As in normal conditions the man's soul, inhabiting his body, is held to give it life, to think, speak, and act through it, so an adaptation of the self-same principle explains abnormal conditions of body or mind, by considering the new symptoms as due to the operation of a second soul-like being, a strange spirit. The possessed man, tossed and shaken in fever, pained and wrenched as though some live creature were tearing or twisting him within, pining as though it were devouring his vitals day by day, rationally finds a personal spiritual cause for his sufferings. In hideous dreams he may even sometimes see the very ghost or nightmare-fiend that plagues him. Especially when the mysterious unseen power throws him helpless on the ground, jerks and writhes him in convulsions, makes him leap upon the bystanders with a giant's strength and a wild beast's ferocity, impels him, with distorted face and frantic gesture, and voice not his own nor seemingly even human, to pour forth wild incoherent raving, or with thought and eloquence beyond his sober faculties to command, to counsel, to foretellsuch a one seems to those who watch him, and even to, himself, to have become the mere instrument of a spirit which has seized him or entered into him, a possessing demon in whose personality the patient believes so implicitly that he often imagines a personal name for it, which it can declare when it speaks in its own voice and character through his organs of speech; at last, quitting the medium spent and jaded body, the intruding spirit departs as it came. This is the savage theory of dæmoniacal possession and obsession, which has been for ages, and still remains, the dominant theory of disease and inspiration among the lower races. It is obviously based on an animistic interpretation, most genuine and rational in its proper place in man's intellectual history, of the actual symptoms of the cases. The general doctrine of disease-spirits and oraclespirits appears to have its earliest, broadest, and most con
sistent position within the limits of savagery. When we have gained a clear idea of it in this its original home, we shall be able to trace it along from grade to grade of civilization, breaking away piecemeal under the influence of new medical theories, yet sometimes expanding in revival, and at least in lingering survival holding its place into the midst of our modern life. The possession-theory is not merely known to us by the statements of those who describe diseases in accordance with it. Disease being accounted for by attack of spirits, it naturally follows that to get rid of these spirits is the proper means of cure. Thus the practices of the exorcist appear side by side with the doctrine of possession, from its first appearance in savagery to its survival in modern civilization, and nothing could display more vividly the conception of a disease or a mental affection as caused by a personal spiritual being than the proceedings of the exorcist who talks to it, coaxes or threatens it, makes offerings to it, entices or drives it out of the patient's body, and induces it to take up its abode in some other. That the two great effects ascribed to such spiritual influence in obsession and possession, namely, the infliction of ailments and the inspiration of oracles, are not only mixed up together but often run into absolute coincidence, accords with the view that both results are referred to one common cause. Also that the intruding or invading spirit may be either a human soul or may belong to some other class in the spiritual hierarchy, countenances the opinion that the possessiontheory is derived from, and indeed modelled on, the ordinary theory of the soul acting on the body. In illustrating the doctrine by typical examples from the enormous mass of available details, it will hardly be possible to discriminate among the operating spirits, between those which are souls and those which are demons, nor to draw an exact line between obsession by a demon outside and possession by a demon inside, nor between the condition of the demontormented patient and the demon-actuated doctor, seer, or priest. In a word, the confusion of these conceptions in the savage mind only fairly represents their intimate connexion in the Possession-theory itself.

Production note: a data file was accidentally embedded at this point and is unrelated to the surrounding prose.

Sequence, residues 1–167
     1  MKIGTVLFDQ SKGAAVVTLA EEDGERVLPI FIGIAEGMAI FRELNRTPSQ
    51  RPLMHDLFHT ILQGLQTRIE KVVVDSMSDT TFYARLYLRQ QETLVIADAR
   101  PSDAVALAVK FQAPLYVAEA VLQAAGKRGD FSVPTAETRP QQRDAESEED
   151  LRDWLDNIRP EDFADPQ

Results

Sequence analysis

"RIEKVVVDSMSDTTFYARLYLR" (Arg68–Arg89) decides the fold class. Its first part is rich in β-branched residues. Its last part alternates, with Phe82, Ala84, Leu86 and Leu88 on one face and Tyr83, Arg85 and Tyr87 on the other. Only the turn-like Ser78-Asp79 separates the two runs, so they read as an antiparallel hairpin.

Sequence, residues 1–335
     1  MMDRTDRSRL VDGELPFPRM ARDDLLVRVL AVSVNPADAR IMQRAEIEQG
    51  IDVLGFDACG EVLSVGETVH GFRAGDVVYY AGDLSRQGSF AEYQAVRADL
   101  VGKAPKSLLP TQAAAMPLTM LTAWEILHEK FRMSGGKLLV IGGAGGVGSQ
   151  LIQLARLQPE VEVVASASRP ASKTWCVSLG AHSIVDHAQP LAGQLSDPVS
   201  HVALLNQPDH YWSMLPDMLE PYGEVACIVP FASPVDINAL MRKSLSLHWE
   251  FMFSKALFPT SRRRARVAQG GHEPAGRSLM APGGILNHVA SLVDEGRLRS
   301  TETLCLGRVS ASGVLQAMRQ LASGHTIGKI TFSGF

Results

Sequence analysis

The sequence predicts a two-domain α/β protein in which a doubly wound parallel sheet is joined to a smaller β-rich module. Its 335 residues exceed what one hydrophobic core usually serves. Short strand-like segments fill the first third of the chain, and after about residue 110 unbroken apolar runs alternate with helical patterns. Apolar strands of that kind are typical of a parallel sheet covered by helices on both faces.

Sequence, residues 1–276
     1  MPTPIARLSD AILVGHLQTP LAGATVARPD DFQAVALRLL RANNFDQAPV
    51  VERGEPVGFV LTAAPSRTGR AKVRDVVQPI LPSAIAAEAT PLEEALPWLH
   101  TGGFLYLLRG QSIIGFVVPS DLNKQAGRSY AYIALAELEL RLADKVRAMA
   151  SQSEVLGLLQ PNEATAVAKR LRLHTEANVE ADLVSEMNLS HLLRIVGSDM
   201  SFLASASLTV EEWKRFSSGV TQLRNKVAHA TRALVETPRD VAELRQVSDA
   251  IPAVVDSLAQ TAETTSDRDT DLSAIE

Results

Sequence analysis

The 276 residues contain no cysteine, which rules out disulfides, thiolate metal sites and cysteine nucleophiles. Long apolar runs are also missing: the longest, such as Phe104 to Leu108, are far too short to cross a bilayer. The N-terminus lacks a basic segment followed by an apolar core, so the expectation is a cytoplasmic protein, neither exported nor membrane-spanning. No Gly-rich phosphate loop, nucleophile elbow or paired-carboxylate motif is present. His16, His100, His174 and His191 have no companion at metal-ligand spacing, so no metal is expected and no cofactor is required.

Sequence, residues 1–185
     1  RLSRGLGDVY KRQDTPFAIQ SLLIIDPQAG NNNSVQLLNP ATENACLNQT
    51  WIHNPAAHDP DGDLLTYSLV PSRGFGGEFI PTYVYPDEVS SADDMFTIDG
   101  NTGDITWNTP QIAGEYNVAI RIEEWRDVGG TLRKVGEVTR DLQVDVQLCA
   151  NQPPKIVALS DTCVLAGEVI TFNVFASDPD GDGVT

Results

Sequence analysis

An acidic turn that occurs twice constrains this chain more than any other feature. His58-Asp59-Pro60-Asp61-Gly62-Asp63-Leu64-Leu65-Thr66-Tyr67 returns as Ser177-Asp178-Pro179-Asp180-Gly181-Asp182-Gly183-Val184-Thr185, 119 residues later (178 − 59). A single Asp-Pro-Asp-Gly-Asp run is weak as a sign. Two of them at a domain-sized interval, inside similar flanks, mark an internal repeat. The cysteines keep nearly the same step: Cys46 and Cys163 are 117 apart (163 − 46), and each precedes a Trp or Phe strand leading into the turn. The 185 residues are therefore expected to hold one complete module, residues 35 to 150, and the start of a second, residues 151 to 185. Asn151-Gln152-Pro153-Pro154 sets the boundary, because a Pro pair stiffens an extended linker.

In the Australian-Tasmanian district, disease and death are ascribed to more or less defined spiritual influences; descriptions of a demon working a sorcerer's wicked will by coming slyly behind his victim and hitting him with his club on the back of his neck, and of a dead man's ghost angered by having his name uttered, and creeping up into the utterer's body to consume his liver, are indeed peculiarly graphic details of savage animism. The theory of disease-spirits is well stated in its extreme form among the Mintira, a low race of the Malay peninsula. Their “hantu" or spirits have among their functions that of causing ailments ; thus the “hantu kalumbahan” causes small-pox; the "hantu kamang" brings on inflammation and swellings in the hands and feet; when a person is wounded, the “hantu pari” fastens on the wound and sucks, and this is the cause of the blood flowing. And so on, as the describer says, To enumerate the remainder of the hantus would be merely to convert the name of every species of disease known to the Mintira into a proper one. If any new disease appeared, it would be ascribed to a hantu bearing the same name. It will help us to an idea of the distinct personality which the disease-demon has in the minds of the lower races, to notice the Orang Laut of this district placing thorns and brush in the paths leading to a part where small-pox had broken out, to keep the demons off; just as the Khonds of Orissa try with thorns, and ditches, and stinking oil poured on the ground, to barricade the paths to their hamlets against the goddess of small-pox, Jugah Pennu.3 Among the Dayaks of Borneo, “to have been
1 Oldfield in ‘Tr. Eth. Soc.' vol. iii. p. 235 ; see Grey, Australia,' vol ü. p. 337. Bonwick, "Tasmanians,' pp. 183, 195.
? 'Journ. Ind. Archip.' vol. i. p. 307.
3 Bastian, Psychologie,' p. 204 ; ch, vol. ii. p. 73, see p. 125 (Battas); Macpherson, 'India,' p. 370. See also Mason, 'Karens,'1. c. p.